I'm not so sure about the choice to put everything in a single directory structure, which top-level dotfiles in the top-level directory. This links all the files together in a repository-idea kind-of way. I can't have a zsh repository and an Emacs repository without also having different rcm source directories.

Actually, this isn't entirely true. I can still separate them, with the use of labels, but not in an ideal fashion.

Unfriendly to directories

It doesn't seem to like linking directories, though it can. Linking directories is essential for me as I can on occasion remove a file from one of my configuration directories and I don't want to have to keep track of dead links like that manually. If you do link a directory, instead of it showing up in lsrc as a single entry, all the files in the directory are shown separately.


The labels are a nice idea, but they aren't what I expected them to be when I read the description. Like host-specific dotfiles, labeled dotfiles are put in their own directory. This allows you to separate the dotfiles from others. What I didn't like about this implementation is that afterwards you always have to specify which label you want to use, which seems to make it impossible to still setup your dotfiles in a single command.


I personally won't be using rcm to manage my dotfiles. The solution I have right now with GNU Stow works better and is easier to setup, although that too has its drawbacks.

This is not a definitive description or review of the software, I have spent only a small amount of time with it and these are the findings I made when trying to set it up with a few config files. If you really want to know about it you should try it, it has quite a bit of documentation to get you going.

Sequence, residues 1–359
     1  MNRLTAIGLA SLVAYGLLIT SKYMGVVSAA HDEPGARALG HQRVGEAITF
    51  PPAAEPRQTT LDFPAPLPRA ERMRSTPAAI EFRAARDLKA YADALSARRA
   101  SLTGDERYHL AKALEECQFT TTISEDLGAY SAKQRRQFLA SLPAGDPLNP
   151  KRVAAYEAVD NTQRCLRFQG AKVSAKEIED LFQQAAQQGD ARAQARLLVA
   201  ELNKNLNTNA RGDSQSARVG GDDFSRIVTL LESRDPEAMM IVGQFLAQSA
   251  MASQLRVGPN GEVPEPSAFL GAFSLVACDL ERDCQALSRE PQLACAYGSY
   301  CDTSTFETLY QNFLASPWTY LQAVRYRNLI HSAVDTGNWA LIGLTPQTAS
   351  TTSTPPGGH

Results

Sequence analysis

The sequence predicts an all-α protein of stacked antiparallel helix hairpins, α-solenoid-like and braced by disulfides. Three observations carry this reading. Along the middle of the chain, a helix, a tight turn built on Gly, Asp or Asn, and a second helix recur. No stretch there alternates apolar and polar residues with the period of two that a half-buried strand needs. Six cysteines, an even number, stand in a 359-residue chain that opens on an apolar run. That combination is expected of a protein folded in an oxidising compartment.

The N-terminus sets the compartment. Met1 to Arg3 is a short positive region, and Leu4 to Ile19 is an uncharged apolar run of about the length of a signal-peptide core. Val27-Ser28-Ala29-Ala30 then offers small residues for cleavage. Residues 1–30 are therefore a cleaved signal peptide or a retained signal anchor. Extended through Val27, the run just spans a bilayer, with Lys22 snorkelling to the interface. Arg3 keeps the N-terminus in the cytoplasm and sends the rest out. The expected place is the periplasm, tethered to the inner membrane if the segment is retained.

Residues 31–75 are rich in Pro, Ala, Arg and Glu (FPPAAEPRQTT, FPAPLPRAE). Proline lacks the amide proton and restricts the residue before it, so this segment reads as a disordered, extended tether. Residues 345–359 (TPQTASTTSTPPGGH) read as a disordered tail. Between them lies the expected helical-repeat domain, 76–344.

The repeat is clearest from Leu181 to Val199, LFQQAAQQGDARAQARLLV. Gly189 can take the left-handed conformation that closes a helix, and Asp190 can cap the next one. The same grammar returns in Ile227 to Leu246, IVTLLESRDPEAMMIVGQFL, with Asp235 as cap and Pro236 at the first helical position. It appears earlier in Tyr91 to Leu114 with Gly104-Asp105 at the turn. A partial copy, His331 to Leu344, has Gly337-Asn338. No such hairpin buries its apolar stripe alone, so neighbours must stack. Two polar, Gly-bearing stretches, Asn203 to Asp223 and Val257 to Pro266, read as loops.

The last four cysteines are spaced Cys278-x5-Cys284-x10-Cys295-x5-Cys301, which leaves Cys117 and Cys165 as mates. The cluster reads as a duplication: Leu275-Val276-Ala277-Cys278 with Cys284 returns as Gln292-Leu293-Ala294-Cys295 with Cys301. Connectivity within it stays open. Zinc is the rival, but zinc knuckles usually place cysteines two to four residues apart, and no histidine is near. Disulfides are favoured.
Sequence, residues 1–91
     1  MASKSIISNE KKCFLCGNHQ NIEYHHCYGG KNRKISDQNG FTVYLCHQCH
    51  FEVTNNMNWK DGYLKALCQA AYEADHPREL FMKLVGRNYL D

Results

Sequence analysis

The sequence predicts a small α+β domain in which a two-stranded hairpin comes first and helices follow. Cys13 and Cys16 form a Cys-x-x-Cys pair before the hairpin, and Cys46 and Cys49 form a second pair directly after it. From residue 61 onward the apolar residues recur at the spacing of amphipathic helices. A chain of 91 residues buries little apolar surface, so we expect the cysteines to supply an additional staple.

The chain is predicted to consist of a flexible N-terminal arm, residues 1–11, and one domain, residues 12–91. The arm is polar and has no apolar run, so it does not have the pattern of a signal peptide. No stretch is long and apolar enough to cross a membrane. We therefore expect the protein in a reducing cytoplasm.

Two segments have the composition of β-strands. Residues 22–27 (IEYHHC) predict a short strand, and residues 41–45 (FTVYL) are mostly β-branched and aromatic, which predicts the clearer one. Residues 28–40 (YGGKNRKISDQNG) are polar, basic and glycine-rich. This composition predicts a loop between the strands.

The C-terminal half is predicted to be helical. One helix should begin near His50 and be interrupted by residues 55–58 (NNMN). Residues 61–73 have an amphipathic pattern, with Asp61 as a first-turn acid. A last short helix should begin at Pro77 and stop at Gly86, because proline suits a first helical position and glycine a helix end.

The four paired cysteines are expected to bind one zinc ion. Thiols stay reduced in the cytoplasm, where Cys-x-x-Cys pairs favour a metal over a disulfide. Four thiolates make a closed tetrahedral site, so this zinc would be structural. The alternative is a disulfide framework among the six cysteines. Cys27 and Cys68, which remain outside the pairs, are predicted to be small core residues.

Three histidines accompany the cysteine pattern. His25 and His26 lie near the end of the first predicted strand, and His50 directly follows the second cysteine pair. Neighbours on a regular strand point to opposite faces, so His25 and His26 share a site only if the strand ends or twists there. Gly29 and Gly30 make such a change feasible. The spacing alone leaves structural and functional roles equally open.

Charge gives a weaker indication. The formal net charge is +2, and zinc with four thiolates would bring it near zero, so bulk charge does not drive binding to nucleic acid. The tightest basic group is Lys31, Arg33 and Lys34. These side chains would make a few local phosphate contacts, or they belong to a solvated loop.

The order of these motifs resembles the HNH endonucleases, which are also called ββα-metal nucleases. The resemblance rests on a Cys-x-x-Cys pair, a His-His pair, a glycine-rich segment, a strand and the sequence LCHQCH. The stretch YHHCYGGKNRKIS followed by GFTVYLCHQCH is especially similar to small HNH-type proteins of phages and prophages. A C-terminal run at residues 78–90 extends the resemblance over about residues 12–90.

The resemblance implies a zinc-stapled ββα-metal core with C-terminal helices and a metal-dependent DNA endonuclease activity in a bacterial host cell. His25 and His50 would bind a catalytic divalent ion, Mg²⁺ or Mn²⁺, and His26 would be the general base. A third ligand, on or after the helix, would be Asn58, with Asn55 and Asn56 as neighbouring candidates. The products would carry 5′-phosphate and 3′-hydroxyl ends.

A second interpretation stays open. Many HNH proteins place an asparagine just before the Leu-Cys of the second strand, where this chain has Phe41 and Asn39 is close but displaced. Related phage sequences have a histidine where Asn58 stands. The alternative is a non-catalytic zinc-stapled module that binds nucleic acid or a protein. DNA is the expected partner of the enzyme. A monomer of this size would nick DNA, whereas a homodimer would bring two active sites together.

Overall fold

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A quick post just to have written one, it's been awhile...

HabitRPG is a to-do application unlike many others. It gamifies your task list by adding Role Playing Game elements. You create a character, you have HP, XP, (eventually) MP and gold. There are three categories of tasks: habits, dailies and to-dos. They're colored from red (bad) to yellow (neutral) and blue (good). Not completing dailies will cost you HP and turn them red, leave them incomplete for too long and your character will die and lose a level. You gain XP and coins by completing tasks. You can use your MP for certain special abilities, for example strike hard at a task and shift its color more towards blue. You can use coins to buy rewards, either self-made or thought-up by the HabitRPG developers.

You can also start a party and go questing with friends, or join a guild. There are also challenges, which are sets of tasks specified by someone else, as a challenge.

I've tried many a to-do application. I've even tried writing my own a few times. I've never really been satisfied. For a long while now I've been using org-mode for Emacs, both because it is Emacs and because it flexible enough to change completely to your own needs. The only problems remaining are identifying your needs and keeping up with your task list. Both are tricky to me, but that last one gets worse the bigger my task list gets.

Unexpectedly, HabitRPG's rewards and random loot are stimulation enough for me to keep completing tasks. I've been using it for a couple of weeks now and I'm still completing stuff, which is quite unusual for me. And I put lots of stuff in there, such as "Drink water", which is a habit I want to stimulate; or "Exercise" (three days a week as a daily), which is something I've been needing to do in a long time and so far I'm keeping it up well; or single tasks like "Clean up ~/projects", which I've yet to do.

I suppose it helps that I've always liked computer RPGs, and this wouldn't work if I didn't feel that the reward of being able to buy a new weapon for my character is any kind of motivation.

Anyway, if you have trouble motivating yourself to actually complete tasks on your to-do list and it sounds like fun to you, you might try it.